During this time of year, millions of Americans will also perform the ritual of selecting a health plan for the new year – based on how much the new insurance plan will now cost them. In addition to the increased insurance premiums, Americans are forced to wrestle with climbing deductibles, copayments and out-of-pocket maximums. In some cases, working families are spending more of their income on insurance coverage that may not protect them compared to insurance plans from yesteryear.

Employer-sponsored health insurance is the largest-single source of health coverage in the U.S. – covering more than 150 million American workers and their dependents. By comparison, Medicaid, the second-largest source of coverage, insures about 70 million Americans, or less than half of job-based coverage. Medicare, health coverage for our seniors, covers 50 million Americans. Finally, the other 17 million American who have health coverage are enrolled in the Affordable Care Act marketplaces and individual markets offered in each state.

Underinsured

As mentioned, adults with job-based health coverage are seeing higher deductible and out-of-pocket costs compared to prior years. In fact, relative to their income, a recent Commonwealth Fund report has found that working Americans are effectively “underinsured” – they spent more than 10 percent of their income, excluding premiums, on healthcare; spent more than five percent if they were low income; or they had a medical deductible that exceeded five percent of their income. According to the report, this is more than double what it was in 2003, and up sharply from just three years ago (2014).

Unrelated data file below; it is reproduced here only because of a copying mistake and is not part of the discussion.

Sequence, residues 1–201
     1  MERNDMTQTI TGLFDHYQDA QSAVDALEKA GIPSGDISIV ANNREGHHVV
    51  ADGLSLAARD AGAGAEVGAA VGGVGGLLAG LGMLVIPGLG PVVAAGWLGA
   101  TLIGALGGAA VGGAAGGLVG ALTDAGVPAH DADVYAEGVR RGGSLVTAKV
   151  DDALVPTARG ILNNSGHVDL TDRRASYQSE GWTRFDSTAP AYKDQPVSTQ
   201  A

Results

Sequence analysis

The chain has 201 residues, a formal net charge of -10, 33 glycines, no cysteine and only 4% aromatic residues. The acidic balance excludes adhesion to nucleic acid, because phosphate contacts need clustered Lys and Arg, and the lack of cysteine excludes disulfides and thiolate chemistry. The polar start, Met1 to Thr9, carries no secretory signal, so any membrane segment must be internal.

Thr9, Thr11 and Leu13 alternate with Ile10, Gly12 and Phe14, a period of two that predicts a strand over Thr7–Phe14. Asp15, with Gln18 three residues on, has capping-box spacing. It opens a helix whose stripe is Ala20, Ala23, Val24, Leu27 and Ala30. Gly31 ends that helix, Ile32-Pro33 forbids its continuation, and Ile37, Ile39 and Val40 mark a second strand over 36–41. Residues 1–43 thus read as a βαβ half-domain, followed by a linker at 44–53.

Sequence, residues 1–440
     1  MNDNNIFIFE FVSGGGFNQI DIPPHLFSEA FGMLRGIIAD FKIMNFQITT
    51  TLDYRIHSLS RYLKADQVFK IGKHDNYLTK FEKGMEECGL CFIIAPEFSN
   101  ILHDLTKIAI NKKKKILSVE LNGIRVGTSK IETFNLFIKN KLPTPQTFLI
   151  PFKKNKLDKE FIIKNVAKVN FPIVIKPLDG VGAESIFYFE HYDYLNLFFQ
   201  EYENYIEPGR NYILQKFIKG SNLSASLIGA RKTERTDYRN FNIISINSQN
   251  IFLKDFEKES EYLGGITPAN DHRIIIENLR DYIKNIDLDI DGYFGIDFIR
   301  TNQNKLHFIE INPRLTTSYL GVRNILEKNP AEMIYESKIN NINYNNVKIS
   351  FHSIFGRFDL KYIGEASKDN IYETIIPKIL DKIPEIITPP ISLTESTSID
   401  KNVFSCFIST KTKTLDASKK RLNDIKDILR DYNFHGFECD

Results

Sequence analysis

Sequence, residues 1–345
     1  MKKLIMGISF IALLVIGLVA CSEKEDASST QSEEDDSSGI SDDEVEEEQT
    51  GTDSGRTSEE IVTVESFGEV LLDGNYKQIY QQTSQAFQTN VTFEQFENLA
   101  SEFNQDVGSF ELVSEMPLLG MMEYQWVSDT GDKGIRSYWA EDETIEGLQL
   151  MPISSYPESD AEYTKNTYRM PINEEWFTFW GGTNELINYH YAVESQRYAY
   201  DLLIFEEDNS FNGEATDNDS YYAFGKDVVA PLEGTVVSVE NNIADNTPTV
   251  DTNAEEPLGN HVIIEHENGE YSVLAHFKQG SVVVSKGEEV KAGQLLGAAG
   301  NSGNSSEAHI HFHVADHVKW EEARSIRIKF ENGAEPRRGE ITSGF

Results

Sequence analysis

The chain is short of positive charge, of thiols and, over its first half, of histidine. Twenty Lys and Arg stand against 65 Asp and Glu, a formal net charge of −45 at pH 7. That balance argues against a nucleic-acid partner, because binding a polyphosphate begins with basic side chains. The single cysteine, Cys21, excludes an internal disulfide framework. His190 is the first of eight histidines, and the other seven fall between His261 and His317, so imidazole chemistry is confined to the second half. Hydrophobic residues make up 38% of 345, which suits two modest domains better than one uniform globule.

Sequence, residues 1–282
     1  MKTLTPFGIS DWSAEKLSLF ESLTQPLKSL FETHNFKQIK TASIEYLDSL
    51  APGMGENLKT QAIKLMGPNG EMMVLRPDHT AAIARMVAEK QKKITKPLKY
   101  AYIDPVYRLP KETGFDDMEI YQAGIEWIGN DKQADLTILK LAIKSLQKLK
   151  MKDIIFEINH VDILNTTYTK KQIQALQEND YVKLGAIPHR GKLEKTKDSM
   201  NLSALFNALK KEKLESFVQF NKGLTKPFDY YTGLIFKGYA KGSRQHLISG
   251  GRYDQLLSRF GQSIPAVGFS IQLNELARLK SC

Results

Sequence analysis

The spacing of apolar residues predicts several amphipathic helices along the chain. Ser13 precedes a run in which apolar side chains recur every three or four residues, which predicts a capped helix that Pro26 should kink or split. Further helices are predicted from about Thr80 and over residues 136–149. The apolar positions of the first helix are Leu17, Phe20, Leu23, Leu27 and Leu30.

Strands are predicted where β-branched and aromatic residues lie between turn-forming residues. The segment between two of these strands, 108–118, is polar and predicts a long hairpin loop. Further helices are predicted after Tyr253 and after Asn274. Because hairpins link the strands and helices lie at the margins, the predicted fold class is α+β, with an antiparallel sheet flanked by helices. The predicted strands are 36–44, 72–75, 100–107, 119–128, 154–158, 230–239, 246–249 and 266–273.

The major factor for the rise in the underinsured is that employer plans (both small and large employers) are increasingly fighting rising healthcare costs by super-sizing their deductibles to keep the cost of premiums relatively reasonable. Commonwealth estimates that the number of ‘underinsured’ American adults (ages 19 to 64) is 41 million, or 28 percent of U.S. adults. This number is double the rate in 2003 and is up by 10 million since 2014.